Arts &
  Arts Culture Analysis  
Vol. 3, No. 1, 2004

  Current Issue  
  Back Issues  
Robert J. Lewis
  Contributing Editors
Bernard Dube
Phil Nixon
Mark Goldfarb
Robert Rotondo
  Music Editor
Emanuel Pordes
  Arts Editor
Marissa Consiglieri de Chackal
Mady Bourdage
Emanuel Pordes
  Past Contributors
  Noam Chomsky
Robert Fisk
Pico Iyer
Edward Said
Mark Kingwell
Arundhati Roy
Naomi Klein
Jean Baudrillard
John Lavery
David Solway
Tariq Ali
Michael Albert
Rochelle Gurstein


Donald Morgenson is Professor Emeritus of Psychology at Wilfrid Laurier University



We have been laughing at ourselves for centuries. The comedies of Aristophanes (circa 450. B.C.) still play to appreciative audiences in 2003 A.D. And in England there exists a book of jokes published in 1526, almost ten years before the Bible enjoyed its first complete printing in English. What joy - levity beat piety to the punch!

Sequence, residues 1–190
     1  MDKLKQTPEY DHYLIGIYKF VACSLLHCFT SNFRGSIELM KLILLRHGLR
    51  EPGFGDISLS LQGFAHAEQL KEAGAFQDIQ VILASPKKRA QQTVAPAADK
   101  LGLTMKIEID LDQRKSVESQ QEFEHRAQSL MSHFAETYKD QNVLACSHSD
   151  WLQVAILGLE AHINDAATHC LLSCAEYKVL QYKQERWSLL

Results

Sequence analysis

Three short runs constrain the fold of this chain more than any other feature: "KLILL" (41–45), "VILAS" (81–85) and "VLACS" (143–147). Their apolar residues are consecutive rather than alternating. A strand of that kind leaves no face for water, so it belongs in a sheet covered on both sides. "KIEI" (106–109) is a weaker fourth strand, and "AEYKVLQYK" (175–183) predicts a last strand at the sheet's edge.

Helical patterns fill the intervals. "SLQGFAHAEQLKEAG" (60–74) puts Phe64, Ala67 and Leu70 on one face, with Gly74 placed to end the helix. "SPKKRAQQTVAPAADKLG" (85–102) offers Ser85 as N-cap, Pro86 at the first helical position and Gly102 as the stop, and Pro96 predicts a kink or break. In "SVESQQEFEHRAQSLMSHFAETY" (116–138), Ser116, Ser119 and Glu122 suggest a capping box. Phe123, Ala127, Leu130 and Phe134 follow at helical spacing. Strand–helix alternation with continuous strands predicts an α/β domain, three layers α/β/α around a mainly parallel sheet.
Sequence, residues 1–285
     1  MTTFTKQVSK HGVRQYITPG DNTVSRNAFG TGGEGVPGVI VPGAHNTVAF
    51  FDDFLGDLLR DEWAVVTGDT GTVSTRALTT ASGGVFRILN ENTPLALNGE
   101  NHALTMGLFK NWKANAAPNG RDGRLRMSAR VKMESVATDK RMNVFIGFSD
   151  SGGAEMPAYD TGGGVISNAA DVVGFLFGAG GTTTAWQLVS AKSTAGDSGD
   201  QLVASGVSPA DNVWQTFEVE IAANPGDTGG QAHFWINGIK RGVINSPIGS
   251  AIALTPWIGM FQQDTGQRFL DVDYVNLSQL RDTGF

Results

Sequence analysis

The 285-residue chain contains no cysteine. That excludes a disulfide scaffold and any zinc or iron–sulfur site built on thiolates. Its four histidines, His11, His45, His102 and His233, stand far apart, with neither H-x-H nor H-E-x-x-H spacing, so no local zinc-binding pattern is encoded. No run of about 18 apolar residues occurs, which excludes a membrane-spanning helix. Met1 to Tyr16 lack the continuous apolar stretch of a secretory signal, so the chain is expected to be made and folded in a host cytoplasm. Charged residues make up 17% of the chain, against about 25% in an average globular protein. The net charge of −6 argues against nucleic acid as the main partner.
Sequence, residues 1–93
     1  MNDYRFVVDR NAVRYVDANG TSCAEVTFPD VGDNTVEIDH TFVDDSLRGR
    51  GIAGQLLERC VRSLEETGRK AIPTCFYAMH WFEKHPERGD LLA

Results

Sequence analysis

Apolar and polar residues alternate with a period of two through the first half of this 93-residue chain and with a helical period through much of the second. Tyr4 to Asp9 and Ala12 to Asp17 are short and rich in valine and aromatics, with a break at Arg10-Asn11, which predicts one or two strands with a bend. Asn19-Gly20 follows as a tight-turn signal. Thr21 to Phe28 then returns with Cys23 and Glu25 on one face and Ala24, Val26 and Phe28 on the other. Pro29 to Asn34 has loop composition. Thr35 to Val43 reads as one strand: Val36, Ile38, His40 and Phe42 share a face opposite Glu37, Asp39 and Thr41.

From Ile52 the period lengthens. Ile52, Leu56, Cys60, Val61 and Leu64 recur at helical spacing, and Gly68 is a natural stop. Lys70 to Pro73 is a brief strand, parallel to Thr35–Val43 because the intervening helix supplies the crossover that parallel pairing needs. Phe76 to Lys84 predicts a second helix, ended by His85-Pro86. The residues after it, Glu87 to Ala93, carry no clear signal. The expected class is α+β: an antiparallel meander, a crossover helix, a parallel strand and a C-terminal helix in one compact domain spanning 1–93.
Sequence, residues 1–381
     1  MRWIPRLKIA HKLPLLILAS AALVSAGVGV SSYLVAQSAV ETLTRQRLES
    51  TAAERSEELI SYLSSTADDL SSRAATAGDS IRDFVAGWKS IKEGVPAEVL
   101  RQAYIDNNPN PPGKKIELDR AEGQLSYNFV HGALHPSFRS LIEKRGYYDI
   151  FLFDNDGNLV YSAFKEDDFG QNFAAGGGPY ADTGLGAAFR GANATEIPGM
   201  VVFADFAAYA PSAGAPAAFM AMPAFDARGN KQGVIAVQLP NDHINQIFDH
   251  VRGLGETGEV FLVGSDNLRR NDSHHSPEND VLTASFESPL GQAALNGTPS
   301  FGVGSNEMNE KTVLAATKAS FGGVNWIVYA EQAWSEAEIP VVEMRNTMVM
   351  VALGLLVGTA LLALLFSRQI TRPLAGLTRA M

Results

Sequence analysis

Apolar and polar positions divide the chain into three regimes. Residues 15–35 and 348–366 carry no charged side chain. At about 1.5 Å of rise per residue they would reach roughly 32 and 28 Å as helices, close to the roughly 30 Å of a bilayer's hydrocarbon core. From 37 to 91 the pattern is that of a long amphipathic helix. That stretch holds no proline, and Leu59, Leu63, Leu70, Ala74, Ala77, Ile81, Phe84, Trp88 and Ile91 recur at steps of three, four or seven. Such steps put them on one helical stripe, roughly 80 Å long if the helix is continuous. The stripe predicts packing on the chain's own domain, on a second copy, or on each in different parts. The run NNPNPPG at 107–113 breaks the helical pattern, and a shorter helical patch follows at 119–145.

Admittedly not all of us enjoy jokes; it appears that the world is divided cleanly into those who adore jokes and those who are left absolutely cold by them. Critic Robert Benchley once said: "The world is divided into two kinds of people -- those who divide the world into two kinds of people and those who do not."

Essayist and artist Max Beerbohm whose work has brought so much laughter and fun to so many once said: "Only the emotion of love takes higher rank than that of laughter." And he went on to make an even more insightful observation that love often has its origins in the physical and ends in the realm of the mental while laughter has its origins in the mental and ends in the realm of the physical.